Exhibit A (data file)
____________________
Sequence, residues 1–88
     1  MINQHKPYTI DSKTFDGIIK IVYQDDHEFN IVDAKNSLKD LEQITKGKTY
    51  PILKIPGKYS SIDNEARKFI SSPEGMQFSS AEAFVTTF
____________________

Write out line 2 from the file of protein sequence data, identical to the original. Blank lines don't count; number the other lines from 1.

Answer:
     1  MINQHKPYTI DSKTFDGIIK IVYQDDHEFN IVDAKNSLKD LEQITKGKTY